Trends and drivers of income inequality

BIS Quarterly Review  |  March 2016  | 
06 March 2016

(Extract from pages 47-48 of BIS Quarterly Review, March 2016)

The recent debate has focused mostly on income inequality - the distribution of returns from labour and capital - within, but also across, countries.

Within countries, income inequality has risen globally. Graph A (left-hand panel) shows that there is a U-shaped time pattern in average income inequality, a pattern that is observable across economies. After thinning in the 1950s, 1960s and 1970s, the right tail of the income distribution has been getting fatter.icon; The same U-shaped pattern is found in the share of income accruing to the top 1% of the distribution (Graph A, centre panel), suggesting that the top end of the distribution is an important driver of inequality. Rising income inequality within countries contrasts with narrower income dispersion across countries. Between 1988 and 2008, the global income distribution narrowed: the bottom tail of the distribution shifted to the right (Graph A, right-hand panel).icon This shift largely reflects growth in middle-income EMEs, especially China.

Rising income inequality within economies and a lower dispersion of incomes across countries are consistent with global factors driving inequality trends. Economic and financial globalisation is thought to have widened the income distribution by increasing the ratio of skilled to unskilled wages. Highly skilled workers benefit from global opportunities, whereas the low-skilled face stiff competition from (cheaper) foreign labour and a loss of bargaining power. By the same token, workers in EMEs have seen their wages rise relative to those of their AE counterparts even as low-skilled wages have fallen relative to those of more skilled workers within AEs. This process has likely been supported by skill-biased technological progress and by advances in information technology in particular.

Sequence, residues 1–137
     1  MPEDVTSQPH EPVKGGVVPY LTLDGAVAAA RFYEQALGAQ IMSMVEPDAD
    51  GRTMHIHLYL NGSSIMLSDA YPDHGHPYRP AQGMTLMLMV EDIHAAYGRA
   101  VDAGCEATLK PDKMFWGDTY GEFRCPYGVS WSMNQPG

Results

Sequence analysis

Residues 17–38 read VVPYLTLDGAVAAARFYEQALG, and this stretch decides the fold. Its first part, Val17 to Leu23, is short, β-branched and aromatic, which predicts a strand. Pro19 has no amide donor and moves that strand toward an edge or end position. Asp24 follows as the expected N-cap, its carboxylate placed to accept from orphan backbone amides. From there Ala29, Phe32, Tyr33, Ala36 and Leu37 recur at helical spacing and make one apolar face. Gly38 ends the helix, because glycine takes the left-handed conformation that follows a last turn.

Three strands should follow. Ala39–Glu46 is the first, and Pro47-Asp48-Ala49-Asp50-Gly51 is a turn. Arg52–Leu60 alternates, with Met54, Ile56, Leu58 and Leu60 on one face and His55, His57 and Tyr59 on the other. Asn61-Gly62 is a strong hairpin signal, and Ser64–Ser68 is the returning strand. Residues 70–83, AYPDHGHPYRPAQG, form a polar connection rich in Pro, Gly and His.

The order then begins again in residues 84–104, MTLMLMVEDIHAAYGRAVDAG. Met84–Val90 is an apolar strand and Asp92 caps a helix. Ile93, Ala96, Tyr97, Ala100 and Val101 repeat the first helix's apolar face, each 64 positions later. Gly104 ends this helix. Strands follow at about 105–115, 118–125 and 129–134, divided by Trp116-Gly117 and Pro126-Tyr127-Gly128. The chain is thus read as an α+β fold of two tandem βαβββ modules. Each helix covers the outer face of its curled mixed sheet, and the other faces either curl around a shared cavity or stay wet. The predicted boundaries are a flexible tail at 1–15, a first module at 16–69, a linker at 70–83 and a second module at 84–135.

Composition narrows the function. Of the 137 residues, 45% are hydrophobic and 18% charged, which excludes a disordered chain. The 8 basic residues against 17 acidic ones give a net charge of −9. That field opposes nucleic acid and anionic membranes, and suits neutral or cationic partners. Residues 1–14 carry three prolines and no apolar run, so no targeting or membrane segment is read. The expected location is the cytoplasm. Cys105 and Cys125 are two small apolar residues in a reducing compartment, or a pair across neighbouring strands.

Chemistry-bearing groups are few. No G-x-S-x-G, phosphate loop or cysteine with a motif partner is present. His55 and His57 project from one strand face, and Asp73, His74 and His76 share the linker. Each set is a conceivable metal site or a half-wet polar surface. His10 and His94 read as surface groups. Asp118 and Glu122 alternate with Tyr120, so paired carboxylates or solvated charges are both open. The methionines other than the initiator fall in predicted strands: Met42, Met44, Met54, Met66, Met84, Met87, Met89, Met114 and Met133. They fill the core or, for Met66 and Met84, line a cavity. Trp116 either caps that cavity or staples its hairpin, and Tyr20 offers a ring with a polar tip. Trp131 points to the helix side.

The integration of the labour force of large EMEs into global production has probably reduced the rate of return on labour relative to capital. As a consequence, the returns to wealth (ie corporate profits, dividends, rents, sales of property, capital gains) and the share of capital in total income have increased. Given that the distribution of wealth is more concentrated than the distribution of income, a rising capital share increases income inequality.

Moreover, the faster rise in remuneration at the very top of the income distribution relative to wage growth in the lower percentiles has been linked both to the rapid growth of the financial sector since the 1980s and to changes in the social norms that contribute to the determination of executive pay (Piketty (2014)).

Redistributive fiscal policies appear have reduced the level of inequality, especially in AEs, but they have not changed long-term trends (Graph B).icon

icon The left-hand panel of Graph A plots time series of the Pareto coefficient - a measure that captures the higher-income part of the distribution. The higher the Pareto coefficient, the fatter the upper tail of the income distribution. For concreteness, if the Pareto coefficient is 2, the average income of individuals with income above $100,000 is $200,000 and the average income of individuals with income above $1 million is $2 million. icon Lakner and Milanovi─ç (2013) estimate the global distribution of income by aggregating within country household surveys. They correct for income underreporting at the top by using the discrepancy between consumption growth in national accounts and in household surveys. This is allocated to the top 10% of the income distribution by fitting a Pareto distribution to the upper tail. icon In the United States, for example, in 2010 the top 1% of households held about 35% of total wealth (see Graph 1, right-most panel) but 18% of total income (see Graph A, centre panel).

Income inequality has been increasing within countries but decreasing across countries
Redistribution decreases income inequality but does not affect trends